Enacted last March, the Families First Coronavirus Response Act (FFCRA) provides both paid sick time under the Emergency Paid Sick Time Act and expanded family and medical leave under the Emergency Family and Medical Leave Expansion Act. The law offered such benefits not only to employees but also to “eligible self-employed individuals.” Such an individual is defined as a person who “regularly carries on a trade or business . . . , and would be entitled to receive paid leave . . . if the individual were an employee of an employer (other than himself or herself).” The new stimulus bill extends the independent contractor provisions of the FFCRA to the same date that the CARES Act was extended, March 14, 2021. The leave benefit is “payable” by means of a 100% tax credit made available to the self-employed individual on his or her tax return.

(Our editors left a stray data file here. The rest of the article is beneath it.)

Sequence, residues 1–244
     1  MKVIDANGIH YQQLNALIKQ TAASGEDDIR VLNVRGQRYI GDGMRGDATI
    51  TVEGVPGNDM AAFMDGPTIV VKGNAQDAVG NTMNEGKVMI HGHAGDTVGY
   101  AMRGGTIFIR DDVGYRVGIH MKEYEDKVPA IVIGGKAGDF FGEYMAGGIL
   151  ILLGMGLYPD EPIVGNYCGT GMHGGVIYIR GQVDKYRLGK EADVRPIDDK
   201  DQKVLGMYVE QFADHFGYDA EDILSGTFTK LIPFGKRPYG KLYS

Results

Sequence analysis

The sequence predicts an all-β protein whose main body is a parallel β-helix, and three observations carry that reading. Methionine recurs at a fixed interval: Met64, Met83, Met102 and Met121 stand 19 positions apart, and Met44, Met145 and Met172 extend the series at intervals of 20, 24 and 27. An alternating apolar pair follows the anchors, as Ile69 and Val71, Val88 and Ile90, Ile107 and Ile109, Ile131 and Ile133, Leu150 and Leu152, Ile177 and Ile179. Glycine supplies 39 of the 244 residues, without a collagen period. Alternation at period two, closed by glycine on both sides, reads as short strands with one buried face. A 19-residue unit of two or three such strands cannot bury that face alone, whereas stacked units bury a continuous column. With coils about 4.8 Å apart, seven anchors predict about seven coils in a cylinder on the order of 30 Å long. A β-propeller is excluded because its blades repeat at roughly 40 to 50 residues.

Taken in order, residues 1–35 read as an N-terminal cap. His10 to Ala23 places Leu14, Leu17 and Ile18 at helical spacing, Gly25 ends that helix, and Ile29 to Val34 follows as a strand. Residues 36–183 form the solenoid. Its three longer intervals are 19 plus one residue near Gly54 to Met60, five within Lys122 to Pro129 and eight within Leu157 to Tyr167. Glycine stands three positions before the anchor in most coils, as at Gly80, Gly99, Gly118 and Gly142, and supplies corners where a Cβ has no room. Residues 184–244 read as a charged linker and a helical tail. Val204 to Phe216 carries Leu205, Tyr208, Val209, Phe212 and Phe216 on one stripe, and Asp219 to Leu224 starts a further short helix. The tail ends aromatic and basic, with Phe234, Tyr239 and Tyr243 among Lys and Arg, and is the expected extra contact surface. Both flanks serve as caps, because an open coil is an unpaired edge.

Companies that utilize independent contractors are concerned that some state workforce agencies may later use this temporary pandemic relief legislation to create a record of independent contractors working in such states and seek to re-characterize these contractors as employees under unemployment, workers’ compensation, and wage and hour laws. Companies that have used independent contractors in the past and plan to continue doing so in the future should consider enhancing their compliance with applicable independent contractor laws. Many businesses have already done so by using a process such as IC Diagnostics™, which can serve to minimize exposure to independent contractor misclassification claims by creating sustainable independent contractor relationships in a customized manner.